I’ve seen a lot of Facebook posts lately about women venting about their spouse or significant others not ‘helping’ around the house or not helping with the baby and then, becoming resentful towards each other. In my practice of self-care, it took years (8 years to be exact) to realize that resentment can build up because of skewed perspectives in difference of doing things for yourself and for others. In a Catholic Retreat, my husband and I learned that doing things in the act of love is called being life-giving. What it failed to teach me too was that you need to also realize that if you are life-giving, you are also taking care of yourself. So, here is my post about how I’ve balanced being a mother and a wife.
It is all about how I perceived my actions. Letting go so much of the martyr complex that would’ve been detrimental to our relationship was a process in itself. I used to wake up early in the mornings, glance over to my sleeping-in-peace husband, and walk over to the nursery to tend to my baby and go about my day cleaning and organizing until the floors were spotless. I then felt a pang of jealousy to my sleeping-in family and resented how messy they are and feeling the house was always upside down when my husband had a day off. I remember always arguing with my husband about putting away the blender into the cabinet daily because we didn’t have the space or I refused to reorganize the kitchen to his liking. I knew then and there that, that was not a healthy mindset. I used to think to myself that I do SO much for this family, feeling I was being taken for granted and feeling resentment towards my husband because he gets to go to work, while I stayed home and housekept and baby-raised. I can also blame postpartum hormones for feeling more-so than usual. I felt my actions were unnoticed; dishes to doing laundry to sweeping the floor every morning. You can imagine when my husband would wake up or return home from work to a passive aggressive wife cleaning. But, what exactly SHIFTED me to rethinking my subconscious to conscious acts of love?
I reevaluated why I do the things I do for my family. I do it for me. I love cleaning, de-cluttering, organizing, fluffing those pillows on our couch, making the bed, and putting away the dishes that were washed the night before. I do this for me. And, once I made the conscious decision to change my perspective on the daily things I do for my family to include that I’m doing it all also for me, resentment vanished.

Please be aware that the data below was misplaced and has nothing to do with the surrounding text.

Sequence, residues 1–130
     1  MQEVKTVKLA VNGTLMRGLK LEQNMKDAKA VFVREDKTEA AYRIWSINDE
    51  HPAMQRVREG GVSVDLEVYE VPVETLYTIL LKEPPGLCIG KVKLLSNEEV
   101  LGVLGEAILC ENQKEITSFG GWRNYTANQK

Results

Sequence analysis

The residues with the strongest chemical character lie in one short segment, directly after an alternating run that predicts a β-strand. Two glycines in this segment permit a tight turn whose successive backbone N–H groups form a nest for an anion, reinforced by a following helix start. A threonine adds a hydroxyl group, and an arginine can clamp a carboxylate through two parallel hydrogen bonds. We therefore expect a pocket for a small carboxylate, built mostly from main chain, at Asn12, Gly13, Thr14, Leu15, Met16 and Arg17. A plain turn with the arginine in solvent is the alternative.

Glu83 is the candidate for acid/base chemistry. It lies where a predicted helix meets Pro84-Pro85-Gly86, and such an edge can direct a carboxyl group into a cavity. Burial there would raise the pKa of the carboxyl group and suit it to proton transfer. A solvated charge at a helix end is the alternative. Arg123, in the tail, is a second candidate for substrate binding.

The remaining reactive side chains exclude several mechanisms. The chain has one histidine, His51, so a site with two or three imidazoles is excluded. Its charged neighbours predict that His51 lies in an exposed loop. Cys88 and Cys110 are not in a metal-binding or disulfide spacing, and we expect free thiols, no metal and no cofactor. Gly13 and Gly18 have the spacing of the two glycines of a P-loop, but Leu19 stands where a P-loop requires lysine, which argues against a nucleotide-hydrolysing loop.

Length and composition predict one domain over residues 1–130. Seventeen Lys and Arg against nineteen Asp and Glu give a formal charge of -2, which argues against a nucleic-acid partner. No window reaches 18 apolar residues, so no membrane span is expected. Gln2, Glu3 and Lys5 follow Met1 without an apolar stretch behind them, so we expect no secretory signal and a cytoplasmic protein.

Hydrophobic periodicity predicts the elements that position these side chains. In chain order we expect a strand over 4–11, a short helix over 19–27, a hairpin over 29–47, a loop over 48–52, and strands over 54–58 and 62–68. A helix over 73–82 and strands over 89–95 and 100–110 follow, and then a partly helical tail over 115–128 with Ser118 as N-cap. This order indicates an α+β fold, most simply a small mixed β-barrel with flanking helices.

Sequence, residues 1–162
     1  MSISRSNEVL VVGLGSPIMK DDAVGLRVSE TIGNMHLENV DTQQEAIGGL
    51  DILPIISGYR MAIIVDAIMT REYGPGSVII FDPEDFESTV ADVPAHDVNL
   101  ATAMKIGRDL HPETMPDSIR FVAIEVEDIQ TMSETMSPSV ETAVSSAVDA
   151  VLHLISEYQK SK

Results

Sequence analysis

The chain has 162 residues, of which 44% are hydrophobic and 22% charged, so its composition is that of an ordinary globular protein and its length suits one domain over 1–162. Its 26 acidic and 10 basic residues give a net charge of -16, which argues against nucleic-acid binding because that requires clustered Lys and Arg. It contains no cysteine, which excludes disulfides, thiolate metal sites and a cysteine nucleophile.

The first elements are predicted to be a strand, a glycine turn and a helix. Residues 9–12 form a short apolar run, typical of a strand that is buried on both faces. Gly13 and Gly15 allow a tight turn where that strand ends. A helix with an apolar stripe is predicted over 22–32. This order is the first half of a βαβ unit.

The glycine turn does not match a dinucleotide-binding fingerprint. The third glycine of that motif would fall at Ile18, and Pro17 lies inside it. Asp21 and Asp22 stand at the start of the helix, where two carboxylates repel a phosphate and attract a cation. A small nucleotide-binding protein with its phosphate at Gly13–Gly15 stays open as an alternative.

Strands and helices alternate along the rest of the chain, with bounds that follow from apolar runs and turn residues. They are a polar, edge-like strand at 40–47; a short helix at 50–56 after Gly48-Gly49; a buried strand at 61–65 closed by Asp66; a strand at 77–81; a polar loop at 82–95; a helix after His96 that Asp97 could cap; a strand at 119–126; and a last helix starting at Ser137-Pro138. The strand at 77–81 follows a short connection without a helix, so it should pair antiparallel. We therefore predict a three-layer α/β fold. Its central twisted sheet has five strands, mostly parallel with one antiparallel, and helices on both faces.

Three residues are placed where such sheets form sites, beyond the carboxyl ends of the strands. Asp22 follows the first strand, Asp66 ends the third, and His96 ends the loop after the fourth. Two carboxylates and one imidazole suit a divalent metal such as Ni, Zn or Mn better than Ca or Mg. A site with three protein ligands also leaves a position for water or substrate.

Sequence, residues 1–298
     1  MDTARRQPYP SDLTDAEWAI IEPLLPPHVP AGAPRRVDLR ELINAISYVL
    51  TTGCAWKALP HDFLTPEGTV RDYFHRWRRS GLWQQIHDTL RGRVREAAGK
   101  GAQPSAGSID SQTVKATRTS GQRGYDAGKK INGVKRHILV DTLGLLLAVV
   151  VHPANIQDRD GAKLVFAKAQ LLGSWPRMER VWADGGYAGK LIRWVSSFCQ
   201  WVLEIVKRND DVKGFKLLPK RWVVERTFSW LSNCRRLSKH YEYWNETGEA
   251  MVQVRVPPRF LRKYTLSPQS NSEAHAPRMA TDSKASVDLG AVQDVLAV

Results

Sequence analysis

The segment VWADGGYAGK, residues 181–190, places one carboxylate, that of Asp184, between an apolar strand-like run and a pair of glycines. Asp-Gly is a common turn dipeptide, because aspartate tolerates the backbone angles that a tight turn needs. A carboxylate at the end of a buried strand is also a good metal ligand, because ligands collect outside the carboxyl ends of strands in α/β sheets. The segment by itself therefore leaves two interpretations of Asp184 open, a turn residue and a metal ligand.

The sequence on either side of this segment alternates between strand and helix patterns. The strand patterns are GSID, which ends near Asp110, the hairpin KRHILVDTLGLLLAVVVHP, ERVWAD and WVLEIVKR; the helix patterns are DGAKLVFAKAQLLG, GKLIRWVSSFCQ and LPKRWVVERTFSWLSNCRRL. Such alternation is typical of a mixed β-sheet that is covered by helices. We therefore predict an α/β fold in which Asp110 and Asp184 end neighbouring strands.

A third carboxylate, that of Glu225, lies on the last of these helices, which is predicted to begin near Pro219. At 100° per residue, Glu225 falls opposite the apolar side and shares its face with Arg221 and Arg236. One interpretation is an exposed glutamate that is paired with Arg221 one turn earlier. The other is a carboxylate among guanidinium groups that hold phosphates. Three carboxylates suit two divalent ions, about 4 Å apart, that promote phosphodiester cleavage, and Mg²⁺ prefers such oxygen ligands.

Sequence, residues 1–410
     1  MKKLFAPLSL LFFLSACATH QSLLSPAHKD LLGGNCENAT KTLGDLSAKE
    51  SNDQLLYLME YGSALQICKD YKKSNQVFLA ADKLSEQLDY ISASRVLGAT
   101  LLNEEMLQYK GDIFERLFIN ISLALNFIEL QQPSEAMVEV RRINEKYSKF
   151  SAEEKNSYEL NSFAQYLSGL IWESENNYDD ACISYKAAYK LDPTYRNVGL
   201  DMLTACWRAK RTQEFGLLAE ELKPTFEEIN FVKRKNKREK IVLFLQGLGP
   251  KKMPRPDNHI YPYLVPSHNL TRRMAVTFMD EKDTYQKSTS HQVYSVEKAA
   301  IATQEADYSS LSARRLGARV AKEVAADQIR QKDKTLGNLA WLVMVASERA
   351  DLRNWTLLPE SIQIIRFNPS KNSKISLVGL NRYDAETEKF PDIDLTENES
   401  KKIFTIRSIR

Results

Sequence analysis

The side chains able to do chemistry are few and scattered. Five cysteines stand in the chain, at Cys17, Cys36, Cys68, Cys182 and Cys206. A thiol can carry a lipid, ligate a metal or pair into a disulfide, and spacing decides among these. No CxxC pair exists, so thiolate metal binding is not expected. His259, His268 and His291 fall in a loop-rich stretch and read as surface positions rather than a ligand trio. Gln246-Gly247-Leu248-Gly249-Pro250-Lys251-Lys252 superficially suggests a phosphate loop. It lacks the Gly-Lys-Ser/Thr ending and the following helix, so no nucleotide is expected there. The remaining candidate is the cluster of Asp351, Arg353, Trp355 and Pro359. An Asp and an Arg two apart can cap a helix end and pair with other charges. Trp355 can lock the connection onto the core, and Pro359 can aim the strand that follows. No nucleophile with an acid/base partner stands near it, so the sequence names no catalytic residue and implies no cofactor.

The purpose of marriage is not to change your spouse into someone more convenient or fitting for you, even though I’ve diligently tried, haha. To be honest, the people in my household can care less of how white the tiles are or that all the keys are aligned exactly in its place in the key bowl. So, whenever I got a ‘break’ from raising my baby, from baby being in daycare for a few hours to my husband volunteering I take a few hours to myself, I ended up wanting and liking to tackle pending tasks in the house. This was my act of life-giving to myself. Then, I added a cup of tea and a chapter to read in a book and I was absolutely happy. And, when my husband once again woke up in the morning or came home from work, I no longer was the passive aggressive and resentful wife! I am a happy and grateful, and well self-cared woman.
We have to acknowledge that when we are taking care of our families, know that you are also taking care of yourself.
Say this in your head or aloud to start your journey to a happier life, “I am doing it for me.”